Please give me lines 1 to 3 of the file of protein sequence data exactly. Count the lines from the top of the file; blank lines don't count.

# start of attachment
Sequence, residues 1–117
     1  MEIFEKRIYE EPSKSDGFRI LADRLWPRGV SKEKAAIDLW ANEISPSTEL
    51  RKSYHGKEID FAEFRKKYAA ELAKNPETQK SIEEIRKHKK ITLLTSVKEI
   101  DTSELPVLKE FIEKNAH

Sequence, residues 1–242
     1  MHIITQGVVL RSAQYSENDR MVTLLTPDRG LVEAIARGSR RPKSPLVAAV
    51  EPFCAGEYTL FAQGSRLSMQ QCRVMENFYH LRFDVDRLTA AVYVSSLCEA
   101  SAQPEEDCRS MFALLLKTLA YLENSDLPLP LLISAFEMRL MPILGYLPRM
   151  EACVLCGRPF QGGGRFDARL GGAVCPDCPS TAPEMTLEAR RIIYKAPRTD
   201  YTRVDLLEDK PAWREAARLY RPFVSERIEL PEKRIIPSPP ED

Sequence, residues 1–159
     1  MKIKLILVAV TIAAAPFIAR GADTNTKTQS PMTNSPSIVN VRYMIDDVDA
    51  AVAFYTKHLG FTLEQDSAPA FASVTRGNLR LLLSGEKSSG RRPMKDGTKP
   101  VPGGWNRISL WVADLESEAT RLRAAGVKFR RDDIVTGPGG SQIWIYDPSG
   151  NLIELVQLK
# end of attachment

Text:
Sequence, residues 1–117
     1  MEIFEKRIYE EPSKSDGFRI LADRLWPRGV SKEKAAIDLW ANEISPSTEL
    51  RKSYHGKEID FAEFRKKYAA ELAKNPETQK SIEEIRKHKK ITLLTSVKEI